Turning now to FIG. 3, there is shown a simplified schematic diagram of an ignition coil system, denoted generally by reference numeral 31, incorporating the present invention. Under normal operating conditions, fuel is delivered from a fuel source (not shown) through fuel lines (not shown) to at least one fuel injector or actuator 32. The fuel injector 32 is conventional and injects fuel from the fuel lines into at least one individual cylinder 33 of an internal combustion engine (not shown) of an automotive vehicle (not shown). The cylinder 33 also has one or more intake valves 34a and one or more exhaust valves 34b which are typical. Fuel from the fuel injectors 32 is mixed with air in the cylinders 33 in a known manner.

The system 31 further includes a spark plug 35 disposed in the cylinder 33. The spark plug 35 is utilized to ignite the fuel. The spark plug is ignited via an ignition coil 36.

A typical crankshaft position sensor 37 is provided for generating an engine position in an angle domain. The sensor 37, fuel injector 32, and ignition coil 36 are electrically connected to an electronic control unit (ECU) 38, or processor, including a clock module 39a for providing a time timebase and a degree clock channel 39b for providing an angle timebase. The ECU 38 further includes a Spark Integrated Channel (SIC) module 40 for determining the spark output pulse. A Pin Control Channel 41 is included in the ECU 38 for determining whether a pin line and/or status line is configured to be driven. The ECU 38 then generates an output signal to control the ignition coil 36 based on the spark output pulse determined by the SIC 40.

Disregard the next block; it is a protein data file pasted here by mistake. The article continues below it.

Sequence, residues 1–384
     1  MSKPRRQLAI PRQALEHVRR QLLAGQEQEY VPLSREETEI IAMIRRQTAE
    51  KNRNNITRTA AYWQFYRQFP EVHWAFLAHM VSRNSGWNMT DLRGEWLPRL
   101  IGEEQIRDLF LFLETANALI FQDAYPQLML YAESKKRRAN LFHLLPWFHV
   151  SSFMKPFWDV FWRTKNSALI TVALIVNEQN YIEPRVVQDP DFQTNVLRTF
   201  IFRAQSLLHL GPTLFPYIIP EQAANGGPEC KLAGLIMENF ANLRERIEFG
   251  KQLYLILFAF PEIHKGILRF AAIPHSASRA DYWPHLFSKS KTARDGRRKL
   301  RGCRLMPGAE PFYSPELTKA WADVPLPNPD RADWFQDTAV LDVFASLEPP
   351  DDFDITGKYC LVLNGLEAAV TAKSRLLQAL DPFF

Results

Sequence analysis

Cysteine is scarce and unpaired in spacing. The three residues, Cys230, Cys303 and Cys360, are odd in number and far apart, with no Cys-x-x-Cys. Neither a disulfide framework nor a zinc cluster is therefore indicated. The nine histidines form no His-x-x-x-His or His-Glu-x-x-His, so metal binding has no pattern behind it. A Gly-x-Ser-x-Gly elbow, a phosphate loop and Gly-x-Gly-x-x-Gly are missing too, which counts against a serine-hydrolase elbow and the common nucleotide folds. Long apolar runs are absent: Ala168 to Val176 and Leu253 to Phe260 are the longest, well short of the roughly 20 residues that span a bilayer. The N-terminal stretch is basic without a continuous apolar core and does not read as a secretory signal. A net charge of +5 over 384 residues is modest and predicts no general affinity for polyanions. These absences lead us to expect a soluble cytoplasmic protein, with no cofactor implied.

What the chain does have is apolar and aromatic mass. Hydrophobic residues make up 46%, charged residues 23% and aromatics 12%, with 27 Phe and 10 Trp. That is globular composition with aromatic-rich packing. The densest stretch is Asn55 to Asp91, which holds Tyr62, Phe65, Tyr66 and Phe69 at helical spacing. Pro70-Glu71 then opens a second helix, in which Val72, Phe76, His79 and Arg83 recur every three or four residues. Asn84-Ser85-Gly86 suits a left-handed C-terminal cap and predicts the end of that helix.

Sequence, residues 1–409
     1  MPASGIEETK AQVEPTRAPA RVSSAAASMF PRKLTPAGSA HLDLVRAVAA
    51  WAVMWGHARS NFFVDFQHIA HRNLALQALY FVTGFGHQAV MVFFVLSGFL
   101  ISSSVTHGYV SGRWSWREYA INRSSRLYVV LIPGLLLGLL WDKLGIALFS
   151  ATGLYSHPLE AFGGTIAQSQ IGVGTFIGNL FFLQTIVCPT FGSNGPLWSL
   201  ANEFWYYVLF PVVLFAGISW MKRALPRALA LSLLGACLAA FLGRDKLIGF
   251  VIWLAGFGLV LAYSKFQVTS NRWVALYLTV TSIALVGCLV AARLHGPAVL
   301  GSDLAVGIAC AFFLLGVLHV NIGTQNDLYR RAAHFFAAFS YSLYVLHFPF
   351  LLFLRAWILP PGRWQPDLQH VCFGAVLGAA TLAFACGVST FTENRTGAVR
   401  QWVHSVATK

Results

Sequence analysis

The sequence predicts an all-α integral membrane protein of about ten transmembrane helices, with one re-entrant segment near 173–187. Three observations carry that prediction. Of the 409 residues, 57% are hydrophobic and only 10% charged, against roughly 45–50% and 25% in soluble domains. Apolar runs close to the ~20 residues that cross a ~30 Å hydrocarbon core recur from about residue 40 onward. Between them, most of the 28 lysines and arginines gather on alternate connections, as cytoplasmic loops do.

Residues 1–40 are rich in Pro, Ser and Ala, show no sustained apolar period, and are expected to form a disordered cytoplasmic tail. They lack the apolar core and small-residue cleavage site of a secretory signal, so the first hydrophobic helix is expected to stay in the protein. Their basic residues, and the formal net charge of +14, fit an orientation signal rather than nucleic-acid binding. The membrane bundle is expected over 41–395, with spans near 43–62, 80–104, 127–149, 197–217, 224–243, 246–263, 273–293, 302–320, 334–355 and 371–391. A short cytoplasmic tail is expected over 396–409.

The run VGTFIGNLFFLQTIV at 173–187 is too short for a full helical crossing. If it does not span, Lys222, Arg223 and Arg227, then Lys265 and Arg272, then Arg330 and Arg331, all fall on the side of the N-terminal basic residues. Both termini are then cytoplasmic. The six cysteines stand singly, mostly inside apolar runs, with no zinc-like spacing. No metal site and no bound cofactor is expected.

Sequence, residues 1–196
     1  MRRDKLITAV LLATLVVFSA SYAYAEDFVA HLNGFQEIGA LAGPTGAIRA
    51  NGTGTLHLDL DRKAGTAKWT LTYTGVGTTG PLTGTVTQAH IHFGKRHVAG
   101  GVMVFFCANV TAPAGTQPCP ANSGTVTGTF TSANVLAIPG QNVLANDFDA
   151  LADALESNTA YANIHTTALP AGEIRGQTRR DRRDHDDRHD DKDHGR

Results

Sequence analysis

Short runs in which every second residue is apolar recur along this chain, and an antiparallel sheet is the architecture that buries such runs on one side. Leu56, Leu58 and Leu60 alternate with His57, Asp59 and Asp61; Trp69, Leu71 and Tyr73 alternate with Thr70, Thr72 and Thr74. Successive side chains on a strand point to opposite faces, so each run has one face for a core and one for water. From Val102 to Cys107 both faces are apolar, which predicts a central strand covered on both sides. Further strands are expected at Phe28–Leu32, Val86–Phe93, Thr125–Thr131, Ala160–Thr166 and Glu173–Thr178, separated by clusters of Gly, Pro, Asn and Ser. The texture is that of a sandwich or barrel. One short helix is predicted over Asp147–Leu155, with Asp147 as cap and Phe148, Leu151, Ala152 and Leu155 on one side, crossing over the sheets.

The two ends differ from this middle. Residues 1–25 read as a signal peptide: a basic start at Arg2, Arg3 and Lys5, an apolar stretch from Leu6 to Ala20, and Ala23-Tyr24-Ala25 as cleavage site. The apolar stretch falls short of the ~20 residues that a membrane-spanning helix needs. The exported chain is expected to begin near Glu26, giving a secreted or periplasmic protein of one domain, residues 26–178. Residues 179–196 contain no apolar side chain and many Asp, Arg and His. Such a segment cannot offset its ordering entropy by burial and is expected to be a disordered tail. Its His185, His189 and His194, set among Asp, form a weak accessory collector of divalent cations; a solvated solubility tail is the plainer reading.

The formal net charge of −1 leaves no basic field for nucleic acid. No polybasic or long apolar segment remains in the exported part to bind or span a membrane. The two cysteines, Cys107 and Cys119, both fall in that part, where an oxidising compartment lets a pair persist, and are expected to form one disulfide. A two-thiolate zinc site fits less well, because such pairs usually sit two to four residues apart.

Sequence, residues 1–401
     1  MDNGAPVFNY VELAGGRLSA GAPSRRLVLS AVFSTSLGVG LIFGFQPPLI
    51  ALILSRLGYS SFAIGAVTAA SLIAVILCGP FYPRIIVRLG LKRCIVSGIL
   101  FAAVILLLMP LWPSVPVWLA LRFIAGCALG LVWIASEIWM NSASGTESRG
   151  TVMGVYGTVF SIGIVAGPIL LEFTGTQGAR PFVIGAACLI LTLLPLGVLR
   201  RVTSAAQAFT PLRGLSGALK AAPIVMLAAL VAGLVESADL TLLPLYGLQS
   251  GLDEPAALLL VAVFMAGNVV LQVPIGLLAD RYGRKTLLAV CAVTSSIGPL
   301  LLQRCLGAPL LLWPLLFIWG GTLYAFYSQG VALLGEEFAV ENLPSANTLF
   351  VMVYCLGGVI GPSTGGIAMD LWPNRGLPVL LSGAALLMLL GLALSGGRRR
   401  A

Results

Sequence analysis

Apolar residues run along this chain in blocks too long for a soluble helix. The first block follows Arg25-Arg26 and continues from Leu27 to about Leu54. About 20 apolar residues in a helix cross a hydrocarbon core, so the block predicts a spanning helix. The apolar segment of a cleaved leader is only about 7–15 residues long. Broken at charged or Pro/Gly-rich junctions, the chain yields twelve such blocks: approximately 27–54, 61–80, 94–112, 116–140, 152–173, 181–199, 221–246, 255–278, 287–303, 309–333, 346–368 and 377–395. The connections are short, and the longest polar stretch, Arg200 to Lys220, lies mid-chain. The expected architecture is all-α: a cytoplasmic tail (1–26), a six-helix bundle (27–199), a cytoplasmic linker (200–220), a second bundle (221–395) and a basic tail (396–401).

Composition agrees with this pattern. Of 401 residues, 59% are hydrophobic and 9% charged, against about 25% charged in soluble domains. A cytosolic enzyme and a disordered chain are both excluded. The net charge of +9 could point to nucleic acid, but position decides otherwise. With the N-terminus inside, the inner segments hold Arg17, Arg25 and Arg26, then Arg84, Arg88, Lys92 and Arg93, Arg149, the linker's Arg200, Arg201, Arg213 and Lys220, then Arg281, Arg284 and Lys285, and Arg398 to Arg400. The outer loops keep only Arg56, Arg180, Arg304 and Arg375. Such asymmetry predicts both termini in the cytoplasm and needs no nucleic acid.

Referring now to FIG. 4, there is shown a simplified block diagram of the SIC 40. The SIC 40 supports two modes of operation: normal spark mode and repetitive spark mode. In the normal spark mode, the SIC 40 produces pulses based on engine angle. The SIC 40 produces one output pulse per cylinder input event with no CPU service required between pulses. An output pulse is normally specified by a first edge angle and the logical OR of a second edge angle and a max dwell time-out, as shown in FIG. 5. The position of the Max Dwell Match is shown where it would occur if the Second Edge Match event does not occur (i.e. if a Second Edge Match event does not occur, the output will remain high and Lower Counter will continue to increment until a Max Dwell Match event occurs as will be described below).